Why do people take potassium?
Most people who eat a healthy diet should get enough potassium naturally. Low potassium is associated with a risk of high blood pressure, heart disease, stroke, arthritis, cancer, digestive disorders, and infertility. For people with low potassium, doctors sometimes recommend improved diets — or potassium supplements — to prevent or treat some of these conditions.
Potassium deficiencies are more common in people who:
Use certain medicines, such as diuretics
Have physically demanding jobs
Athletes exercising in hot climates and sweating excessively
Have health conditions that affect their digestive absorption, such as Crohn’s disease
Have an eating disorder
Abuse alcohol or drugs
How much potassium should you take?
The Institute of Medicine has set an adequate intake for potassium. Getting this amount of potassium from diet, with or without supplements, should be enough to keep you healthy. The FDA has determined that foods that contain at least 350 milligrams of potassium can bear the following label: “Diets containing foods that are good sources of potassium and low in sodium may reduce the risk of high blood pressure and stroke.”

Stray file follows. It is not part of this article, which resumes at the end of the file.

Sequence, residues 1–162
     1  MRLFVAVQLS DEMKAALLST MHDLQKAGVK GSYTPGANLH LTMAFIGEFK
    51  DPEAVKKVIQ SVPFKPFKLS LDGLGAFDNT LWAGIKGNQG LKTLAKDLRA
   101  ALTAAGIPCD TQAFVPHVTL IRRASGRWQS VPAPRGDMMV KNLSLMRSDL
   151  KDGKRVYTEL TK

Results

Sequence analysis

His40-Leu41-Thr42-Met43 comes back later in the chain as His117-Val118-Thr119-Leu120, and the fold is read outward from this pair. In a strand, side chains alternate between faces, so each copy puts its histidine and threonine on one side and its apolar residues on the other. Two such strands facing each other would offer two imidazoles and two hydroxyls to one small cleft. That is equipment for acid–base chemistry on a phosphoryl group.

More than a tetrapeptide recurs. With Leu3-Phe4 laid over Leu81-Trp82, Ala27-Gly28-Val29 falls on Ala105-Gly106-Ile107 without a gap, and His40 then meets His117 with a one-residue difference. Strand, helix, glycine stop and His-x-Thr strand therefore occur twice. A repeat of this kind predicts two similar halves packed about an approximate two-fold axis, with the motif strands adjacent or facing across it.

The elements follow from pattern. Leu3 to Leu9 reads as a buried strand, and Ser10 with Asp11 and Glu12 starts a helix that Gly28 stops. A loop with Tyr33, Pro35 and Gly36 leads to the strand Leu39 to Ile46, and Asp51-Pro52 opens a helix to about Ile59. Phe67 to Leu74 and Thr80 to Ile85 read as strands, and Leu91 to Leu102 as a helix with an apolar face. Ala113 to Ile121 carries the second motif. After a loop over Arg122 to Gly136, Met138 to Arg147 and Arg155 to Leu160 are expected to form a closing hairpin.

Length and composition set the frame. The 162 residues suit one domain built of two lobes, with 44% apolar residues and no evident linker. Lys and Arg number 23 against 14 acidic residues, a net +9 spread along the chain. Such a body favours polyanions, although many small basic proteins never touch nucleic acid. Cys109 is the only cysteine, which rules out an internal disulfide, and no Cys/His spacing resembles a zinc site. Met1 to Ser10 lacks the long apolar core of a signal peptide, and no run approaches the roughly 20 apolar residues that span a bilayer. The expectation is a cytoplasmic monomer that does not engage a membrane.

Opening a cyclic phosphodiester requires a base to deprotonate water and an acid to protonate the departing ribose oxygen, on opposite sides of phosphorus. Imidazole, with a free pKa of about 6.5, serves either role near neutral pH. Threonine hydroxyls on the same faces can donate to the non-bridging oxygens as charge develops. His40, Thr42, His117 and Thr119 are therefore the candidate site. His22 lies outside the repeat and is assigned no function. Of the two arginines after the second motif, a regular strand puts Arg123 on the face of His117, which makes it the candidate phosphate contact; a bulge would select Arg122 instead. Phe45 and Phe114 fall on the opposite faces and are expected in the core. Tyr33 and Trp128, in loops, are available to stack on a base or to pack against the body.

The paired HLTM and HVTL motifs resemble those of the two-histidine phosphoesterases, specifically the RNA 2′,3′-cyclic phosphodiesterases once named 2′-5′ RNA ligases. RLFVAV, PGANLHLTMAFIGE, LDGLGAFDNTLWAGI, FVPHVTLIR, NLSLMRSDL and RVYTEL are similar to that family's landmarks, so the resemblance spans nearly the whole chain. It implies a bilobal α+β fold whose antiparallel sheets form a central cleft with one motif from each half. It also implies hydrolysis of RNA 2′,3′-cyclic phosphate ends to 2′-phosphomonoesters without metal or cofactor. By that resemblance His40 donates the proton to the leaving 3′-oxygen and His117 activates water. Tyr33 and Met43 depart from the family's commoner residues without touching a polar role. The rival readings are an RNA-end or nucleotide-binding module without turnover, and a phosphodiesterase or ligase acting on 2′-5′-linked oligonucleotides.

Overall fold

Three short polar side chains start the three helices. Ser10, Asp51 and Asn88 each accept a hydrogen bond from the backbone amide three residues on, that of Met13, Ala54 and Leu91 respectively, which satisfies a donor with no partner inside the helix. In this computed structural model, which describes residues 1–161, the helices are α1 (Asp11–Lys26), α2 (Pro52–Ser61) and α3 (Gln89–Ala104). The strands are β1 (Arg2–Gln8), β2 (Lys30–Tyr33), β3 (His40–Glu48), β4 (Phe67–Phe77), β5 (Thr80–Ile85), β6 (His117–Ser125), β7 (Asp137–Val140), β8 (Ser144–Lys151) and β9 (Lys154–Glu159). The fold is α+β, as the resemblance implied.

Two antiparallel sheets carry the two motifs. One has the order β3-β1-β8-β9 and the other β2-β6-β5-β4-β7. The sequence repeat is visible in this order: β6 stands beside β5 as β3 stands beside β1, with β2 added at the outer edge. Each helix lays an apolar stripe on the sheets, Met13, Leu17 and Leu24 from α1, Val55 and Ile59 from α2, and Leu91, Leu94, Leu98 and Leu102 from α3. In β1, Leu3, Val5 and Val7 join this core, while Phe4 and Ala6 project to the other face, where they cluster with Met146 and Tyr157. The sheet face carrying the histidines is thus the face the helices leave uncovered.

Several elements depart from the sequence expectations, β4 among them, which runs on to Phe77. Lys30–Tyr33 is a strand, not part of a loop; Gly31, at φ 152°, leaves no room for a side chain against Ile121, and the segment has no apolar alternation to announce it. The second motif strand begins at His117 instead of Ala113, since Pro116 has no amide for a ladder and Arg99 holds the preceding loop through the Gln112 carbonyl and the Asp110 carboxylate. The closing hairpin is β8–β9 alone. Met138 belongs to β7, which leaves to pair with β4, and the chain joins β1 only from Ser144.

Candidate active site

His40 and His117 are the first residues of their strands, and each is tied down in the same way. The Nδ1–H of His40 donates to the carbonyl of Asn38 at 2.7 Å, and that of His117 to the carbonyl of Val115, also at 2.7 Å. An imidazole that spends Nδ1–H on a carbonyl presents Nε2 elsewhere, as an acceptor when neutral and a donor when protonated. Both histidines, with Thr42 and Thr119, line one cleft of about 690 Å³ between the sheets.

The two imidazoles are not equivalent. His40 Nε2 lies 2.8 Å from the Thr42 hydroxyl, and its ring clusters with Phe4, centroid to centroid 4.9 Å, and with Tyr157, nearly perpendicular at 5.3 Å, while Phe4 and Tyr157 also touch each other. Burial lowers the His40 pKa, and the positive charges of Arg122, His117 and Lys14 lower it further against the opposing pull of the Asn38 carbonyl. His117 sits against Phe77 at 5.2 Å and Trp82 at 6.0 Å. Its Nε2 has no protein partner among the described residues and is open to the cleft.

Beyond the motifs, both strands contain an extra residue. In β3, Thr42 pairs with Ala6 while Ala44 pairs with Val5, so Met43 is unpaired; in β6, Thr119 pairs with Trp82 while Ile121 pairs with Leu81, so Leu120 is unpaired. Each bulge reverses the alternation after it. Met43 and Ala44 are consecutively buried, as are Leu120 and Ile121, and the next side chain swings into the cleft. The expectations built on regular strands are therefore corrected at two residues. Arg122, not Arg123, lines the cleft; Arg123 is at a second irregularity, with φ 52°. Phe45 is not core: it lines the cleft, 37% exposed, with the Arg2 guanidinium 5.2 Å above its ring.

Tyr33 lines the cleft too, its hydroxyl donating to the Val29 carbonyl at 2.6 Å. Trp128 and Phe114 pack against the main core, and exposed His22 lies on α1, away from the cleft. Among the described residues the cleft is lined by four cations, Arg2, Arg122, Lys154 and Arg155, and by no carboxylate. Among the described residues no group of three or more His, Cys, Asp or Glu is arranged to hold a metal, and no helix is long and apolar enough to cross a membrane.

There is no set upper limit for potassium. So it’s not clear exactly how much potassium you can take safely. However, very high doses of potassium can be deadly.
Can you get potassium naturally from foods?
Good natural food sources of potassium include:
Peanuts and tree nuts such as almonds, pecans and walnuts
Leafy, green vegetables
Keep in mind that some types of cooking, such as boiling, can decrease the potassium content in some foods.